to protect, preserve, and restore one of North America’s most biologically diverse river systems

Our Program Areas

Advocacy

From local development plans to state water laws, CRBI is an advocate for fishable, swimmable, & drinkable water in the upper Coosa River basin & across the state.

Education

In the classroom and on the water, we connect people with their local rivers, mountains, and forests while educating about wildlife, history, & current issues.

Water Monitoring

We train citizen scientists to become the eyes and ears of their own local waterways.  Monitoring data and citizen concerns help direct our focus to streams that need help.

Restoration

Each year, CRBI removes tens of thousands of pounds of trash through clean-ups while working to restore vegetated stream banks that fight erosion and sediment pollution.

promoting fishable, swimmable, drinkable water

Coal Ash Pond Problems at Hammond and Bowen

Coal Ash is the byproduct of burning coal to generate electricity.  It also contains several toxic, harmful substances that are known to cause cancer, impact child development, cause kidney and liver failure, and a litany of other health problems.  Traditionally, this material has been held in coal ash ponds that surround the coal-fired power plants. Unfortunately, Georgia Power’s coal ash ponds across the state are not lined and a recent report from Earthjustice, utilizing Georgia Power’s data from test wells,…

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CRBI Wins Victory For Coosa River Fish, Plant Hammond Water Intake Must Be Improved

CRBI Wins Victory For Coosa River Fish; Plant Hammond Water Intake Must Be Improved The Coosa River Basin Initiative, represented by the Southern Environmental Law Center, recently won a legal challenge to a Clean Water Act permit issued to one of the oldest coal-fired power plants still operating in Georgia. Based on the administrative law judge’s ruling, the Georgia Environmental Protection Division must improve permit conditions by selecting a stop-gap measure to reduce the number of fish and aquatic species…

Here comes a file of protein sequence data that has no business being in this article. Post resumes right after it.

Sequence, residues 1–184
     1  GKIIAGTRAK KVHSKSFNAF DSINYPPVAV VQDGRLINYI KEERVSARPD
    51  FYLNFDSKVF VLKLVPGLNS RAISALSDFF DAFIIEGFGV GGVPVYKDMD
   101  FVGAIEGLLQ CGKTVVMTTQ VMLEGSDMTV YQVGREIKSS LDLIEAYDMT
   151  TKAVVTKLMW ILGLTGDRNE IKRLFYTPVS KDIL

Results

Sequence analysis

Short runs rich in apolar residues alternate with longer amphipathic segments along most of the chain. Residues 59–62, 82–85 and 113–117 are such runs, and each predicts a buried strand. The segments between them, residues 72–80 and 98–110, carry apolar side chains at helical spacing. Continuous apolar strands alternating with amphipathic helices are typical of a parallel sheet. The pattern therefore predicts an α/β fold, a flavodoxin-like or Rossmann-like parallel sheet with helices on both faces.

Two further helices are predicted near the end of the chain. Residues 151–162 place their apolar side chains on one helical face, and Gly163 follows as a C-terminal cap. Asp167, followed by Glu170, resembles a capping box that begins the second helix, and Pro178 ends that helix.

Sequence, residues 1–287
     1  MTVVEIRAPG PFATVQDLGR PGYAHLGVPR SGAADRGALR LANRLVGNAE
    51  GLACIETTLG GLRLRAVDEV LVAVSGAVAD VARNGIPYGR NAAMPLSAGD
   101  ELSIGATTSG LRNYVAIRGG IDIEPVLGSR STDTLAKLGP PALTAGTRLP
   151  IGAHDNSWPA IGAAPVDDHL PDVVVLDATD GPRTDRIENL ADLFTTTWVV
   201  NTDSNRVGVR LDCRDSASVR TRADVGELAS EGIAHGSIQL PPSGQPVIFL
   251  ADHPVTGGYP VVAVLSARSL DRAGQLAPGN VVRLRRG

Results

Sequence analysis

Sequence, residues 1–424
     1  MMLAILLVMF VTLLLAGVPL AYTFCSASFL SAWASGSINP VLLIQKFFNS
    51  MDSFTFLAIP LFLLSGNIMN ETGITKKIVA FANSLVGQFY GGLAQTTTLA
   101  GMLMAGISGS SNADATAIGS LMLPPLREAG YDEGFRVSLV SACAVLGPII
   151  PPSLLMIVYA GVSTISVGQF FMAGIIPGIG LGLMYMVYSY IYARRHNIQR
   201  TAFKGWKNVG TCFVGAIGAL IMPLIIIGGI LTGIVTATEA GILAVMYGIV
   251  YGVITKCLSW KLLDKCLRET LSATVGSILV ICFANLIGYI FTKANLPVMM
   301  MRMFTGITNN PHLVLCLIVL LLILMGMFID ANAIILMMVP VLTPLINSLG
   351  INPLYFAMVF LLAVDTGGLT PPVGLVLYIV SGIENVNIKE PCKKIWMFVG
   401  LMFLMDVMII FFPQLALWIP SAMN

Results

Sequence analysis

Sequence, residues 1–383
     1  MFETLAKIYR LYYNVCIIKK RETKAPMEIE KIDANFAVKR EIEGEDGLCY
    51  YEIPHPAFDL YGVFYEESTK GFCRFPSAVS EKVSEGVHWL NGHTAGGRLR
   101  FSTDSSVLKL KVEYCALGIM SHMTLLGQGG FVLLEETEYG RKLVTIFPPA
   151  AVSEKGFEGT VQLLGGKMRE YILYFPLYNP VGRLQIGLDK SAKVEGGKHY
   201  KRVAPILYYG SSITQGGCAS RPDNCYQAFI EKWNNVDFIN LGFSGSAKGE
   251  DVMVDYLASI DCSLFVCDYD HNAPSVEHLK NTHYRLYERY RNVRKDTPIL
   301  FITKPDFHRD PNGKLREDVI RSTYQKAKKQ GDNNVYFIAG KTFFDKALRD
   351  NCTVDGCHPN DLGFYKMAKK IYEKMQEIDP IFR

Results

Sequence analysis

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Will Trump Environmental Rollbacks Impact the Coosa?

Since taking office, President Donald Trump has taken aim at a host of environmental laws aimed at protecting our rivers and the public’s health. The National Environmental Policy Act, the Clean Water Act and Obama Administration rules on the handling of toxic coal ash waste have all been targeted. At this point, most of the changes are only proposed, but the climate in Washington is creating uncertainty for Georgia’s environmental police as well as those businesses, industries and others who…

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Gold Creek Foods Gets Slap on Wrist for Flat Creek Fish Kill

Georgia’s Environmental Protection Division (EPD) in June fined Gold Creek Foods in Dawsonville $9,000 for a March spill of ferric chloride that resulted in a complete kill of aquatic life along a 3.7 mile stretch of Flat Creek. According to EPD documents, the spill killed an estimated 8,262 fish, including federally threatened Cherokee darters. In addition to the $9000 fine, EPD is requiring the company to clean up soil at the facility contaminated by ferric chloride, improve its stormwater pollution…

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Will Metro Atlanta Get More Water From Lake Allatoona?

A federal court ruling in October 2017 now has the ball rolling again in the battle between Alabama and Georgia over the use of water in Lake Allatoona and the rest of the Alabama-Coosa-Tallapoosa river system. That ruling is forcing the U.S. Army Corps of Engineers (Corps) to act on a Cobb County Marietta Water Authority (CCMWA) request made originally in 1981 to allocate more water from Allatoona for water supplies in Metro Atlanta. Since 1963, the Corps, which manages…

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Find Us

Address
5 Broad St
Rome, GA 30161

Call Us

Phone
(706) 232-2724